5 Ho, Mae-Wan et al, Gene Technology and Gene Ecology of Infectious Diseases, Microbial Ecology in Health and Disease vol 10, 33-39, 1998.

6 L.A Love et al, "Pathological and immunological effects of ingesting l-tryptophan and 1,1'-ethylidenebis (l-tryptophan) in Lewis rats", Journal of Clinical Investigation, Vol 91, March 1993, pp. 804-811.

7 MacKenzie, D. (1999). Gut reaction. New Scientist 30 Jan., p.4.

8 Lappe, Marc (1999). Alterations in Clinically Important Phytoestrogens in Genetically Modified, Herbicide-Tolerant Soybeans, Journal of Medicinal Food 1: 4. July 1, 1999.

9 Leake, C. and Fraser, L. (1999). Scientist in Frankenstein food alert is proved right. UK Mail on Sunday, 31 Jan.; Goodwin, B.C. (1999). Report on SOAEFD Flexible Fund Project RO818, Jan. 23, 1999.

10 Report on a Meeting of Molecular Biologists called by Michael Meacher, British Minister for the Environment, on March 31st 1999. Report prepared by Angela Ryan. See http://members.tripod.com/~ngin/artindex.htm

11 Schubbert, R., Lettmann, C. & Doerfler, W. (1994). Ingested foreign (phage M13) DNA survives transiently in the gastrointestinal tract and enters the bloodstream of mice. Mol. Gen. Genet. 242: 495-504; Schubbert, R., Renz, D., Schmitz, B. and Doerfler, W. (1997).

12 See Ho, M.W., Traavik, T., Olsvik, R., Tappeser, B., Howard, V., von Weizsacker, C. and McGavin, G. (1998). Gene Technology and Gene Ecology of Infectious Diseases. Microbial Ecology in Health and Disease 10, 33-59 and refs. therein.

13 The risk of crop transgene spread. Nature, 380, March 7, 1996.

14 Brookes, M. (1998). Running wild, New Scientist 31 October; Snow, A. and Jorgensen, R. (1998). Costs of transgenic glufosinate resistance introgressed from Brassica napus into weedy Brassica rapa. Abstract, Ecological Society of America, Baltimore, Aug. 6, 1998.

15 Mutant weeds raise fear of disaster for farmers. Dobson, R. Sunday Times (London), May 26, 1996.

16 "When The Corn Hits The Fan," Sprinkel, Steven, An ACRES, USA Special Report, Sept. 18, 1999, P.O. Box 8800, Metairie, Louisiana 70011.

17 Bergelson, J., Purrington, c.B. and Wichmann, G. (1998). Promiscuity in transgenic plants. Nature 395, 25.

18 John Losey, et al., "Transgenic pollen harms monarch larvae," Nature 399: 214, May 20, 1999; L. Hansen and J. Obrycki.

19 Hillbeck, A., M. Baumgartner, P.M. Fried and F. Bigler. 1998. "Effects of transgenic Bacillus thuringiensis corn fed prey on the mortality and developmental time of immature Chrysoperla carnea (Neuroptera Chrysopidae)" Env. Entomol. Vol 27 pp 480-487.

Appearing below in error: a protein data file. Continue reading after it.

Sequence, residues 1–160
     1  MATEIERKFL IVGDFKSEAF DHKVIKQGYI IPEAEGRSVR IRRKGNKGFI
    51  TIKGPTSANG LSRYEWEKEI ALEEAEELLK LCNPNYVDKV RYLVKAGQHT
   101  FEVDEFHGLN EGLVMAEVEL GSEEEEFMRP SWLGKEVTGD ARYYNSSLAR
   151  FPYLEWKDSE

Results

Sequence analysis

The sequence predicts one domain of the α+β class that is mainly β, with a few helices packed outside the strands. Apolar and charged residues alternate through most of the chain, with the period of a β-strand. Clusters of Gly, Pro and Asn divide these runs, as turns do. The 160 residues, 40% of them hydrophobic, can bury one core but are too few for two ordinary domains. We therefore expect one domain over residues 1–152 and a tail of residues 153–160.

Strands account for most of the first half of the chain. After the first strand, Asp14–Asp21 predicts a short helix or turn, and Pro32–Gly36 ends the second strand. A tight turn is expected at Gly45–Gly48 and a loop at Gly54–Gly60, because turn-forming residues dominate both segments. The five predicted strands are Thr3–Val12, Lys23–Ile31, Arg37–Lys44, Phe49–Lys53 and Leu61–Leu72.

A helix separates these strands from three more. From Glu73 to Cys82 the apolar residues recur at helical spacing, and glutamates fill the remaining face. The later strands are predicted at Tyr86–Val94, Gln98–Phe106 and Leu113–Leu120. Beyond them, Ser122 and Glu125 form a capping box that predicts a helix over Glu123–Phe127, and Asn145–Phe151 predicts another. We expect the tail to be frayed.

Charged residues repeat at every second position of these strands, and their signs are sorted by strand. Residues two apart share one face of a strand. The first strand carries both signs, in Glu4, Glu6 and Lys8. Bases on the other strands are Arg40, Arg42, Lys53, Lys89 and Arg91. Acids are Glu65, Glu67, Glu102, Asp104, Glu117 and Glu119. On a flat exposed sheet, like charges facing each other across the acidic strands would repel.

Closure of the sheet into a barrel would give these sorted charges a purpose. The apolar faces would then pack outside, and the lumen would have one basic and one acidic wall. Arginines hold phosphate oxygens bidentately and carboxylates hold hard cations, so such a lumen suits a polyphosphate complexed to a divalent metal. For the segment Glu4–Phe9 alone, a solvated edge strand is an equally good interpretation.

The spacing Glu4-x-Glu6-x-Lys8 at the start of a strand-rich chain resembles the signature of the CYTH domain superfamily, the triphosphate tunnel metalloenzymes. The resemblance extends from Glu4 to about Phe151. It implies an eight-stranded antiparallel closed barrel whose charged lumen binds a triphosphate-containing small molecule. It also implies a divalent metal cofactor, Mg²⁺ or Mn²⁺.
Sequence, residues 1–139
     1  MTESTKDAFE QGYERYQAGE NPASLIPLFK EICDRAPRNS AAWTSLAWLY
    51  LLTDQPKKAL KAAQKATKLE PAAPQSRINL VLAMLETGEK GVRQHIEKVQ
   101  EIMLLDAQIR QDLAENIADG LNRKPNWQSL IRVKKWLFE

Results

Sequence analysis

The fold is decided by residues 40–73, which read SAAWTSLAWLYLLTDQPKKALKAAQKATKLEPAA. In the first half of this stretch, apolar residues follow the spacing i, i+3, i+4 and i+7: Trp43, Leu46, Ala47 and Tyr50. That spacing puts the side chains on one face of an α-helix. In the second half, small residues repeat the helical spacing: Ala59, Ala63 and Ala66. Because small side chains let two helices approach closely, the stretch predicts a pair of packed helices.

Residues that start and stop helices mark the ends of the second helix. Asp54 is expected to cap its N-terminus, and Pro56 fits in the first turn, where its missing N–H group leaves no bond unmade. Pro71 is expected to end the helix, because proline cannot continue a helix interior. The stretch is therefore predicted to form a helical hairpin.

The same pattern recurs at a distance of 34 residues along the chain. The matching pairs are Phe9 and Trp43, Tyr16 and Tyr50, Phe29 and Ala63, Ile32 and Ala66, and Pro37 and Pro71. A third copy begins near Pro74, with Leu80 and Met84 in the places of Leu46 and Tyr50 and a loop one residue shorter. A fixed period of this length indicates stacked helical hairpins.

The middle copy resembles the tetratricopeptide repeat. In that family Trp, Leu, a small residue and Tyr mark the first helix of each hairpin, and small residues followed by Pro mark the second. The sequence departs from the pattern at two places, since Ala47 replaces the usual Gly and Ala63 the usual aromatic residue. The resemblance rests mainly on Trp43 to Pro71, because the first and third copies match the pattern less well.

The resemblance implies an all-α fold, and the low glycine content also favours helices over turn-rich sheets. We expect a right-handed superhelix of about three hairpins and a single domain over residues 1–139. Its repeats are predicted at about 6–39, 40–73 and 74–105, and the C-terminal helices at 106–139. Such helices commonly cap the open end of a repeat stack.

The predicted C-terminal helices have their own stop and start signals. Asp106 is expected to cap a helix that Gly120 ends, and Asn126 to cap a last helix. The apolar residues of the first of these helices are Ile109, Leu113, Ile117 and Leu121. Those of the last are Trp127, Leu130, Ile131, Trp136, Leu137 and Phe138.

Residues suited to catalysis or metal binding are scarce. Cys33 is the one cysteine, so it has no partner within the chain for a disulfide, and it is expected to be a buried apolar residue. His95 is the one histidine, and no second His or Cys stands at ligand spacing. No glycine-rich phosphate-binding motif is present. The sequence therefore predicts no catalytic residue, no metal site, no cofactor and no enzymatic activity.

20 Birch, A.N.E., I.E. Geoghegan, M.E.N. Majerus and J. Allen. 1997. "Interactions between plant resistance genes, pest aphid populations and beneficial aphid predators" SCRI Annual Report, 1997 pp 68-72

21 "Government Wildlife Advisor urges caution on Genetically Modified Organisms - The New Agricultural Revolution" English Nature News Release. 8 July 1998.

22 The effects of genetically engineered micro-organisms on soil food-webs. Holmes, M.T., Ingham, E.R. Bulletin of the Ecological Society of America (Supplement), 75, 97, 1994.

23 "When Biotechnology Crops and Their Wild Cousins Mingle," New York Times, Nov. 5, 1999, p. 22, reporting on a study by Dr. Guenther Stotzky, soil microbiologist at New York Univ.

24 Crecchio, C. and Stotzky, G. (1998). Insecticidal activity and biodegradation of the toxin from Bacillus thuringiensis subsp. kurstaki bound to humic, acids from soil, "Soil Biology and Biochemistry 30", 463-70, and references therein.

25 African Scientists Condemn Advertisement Campaign for Genetically Engineered Food: Call for European Support, Gaia Foundation Press Release, 3rd August, 1998.)

26 Evidence of the Magnitude and Consequences of the Roundup Ready Soybean Yield Drag from University-Based Varietal Trials in 1998, Dr. Charles Benbrook, Ag BioTech InfoNet Technical Paper Number 1, July 13, 1999 Available at: http://www.biotech-info.net/herbicide-tolerance.html#soy.

27 Ho, Mae-Wan, "One Bird - Ten Thousand Treasures," p. 339, The Ecologist, vol. 29, no. 6, October 1999, article about organic farming in Asian countries.

28 Warwick, Hugh, "Cuba's Organic Revolution", p. 457, The Ecologist, vol. 29, no. 8, December 1999.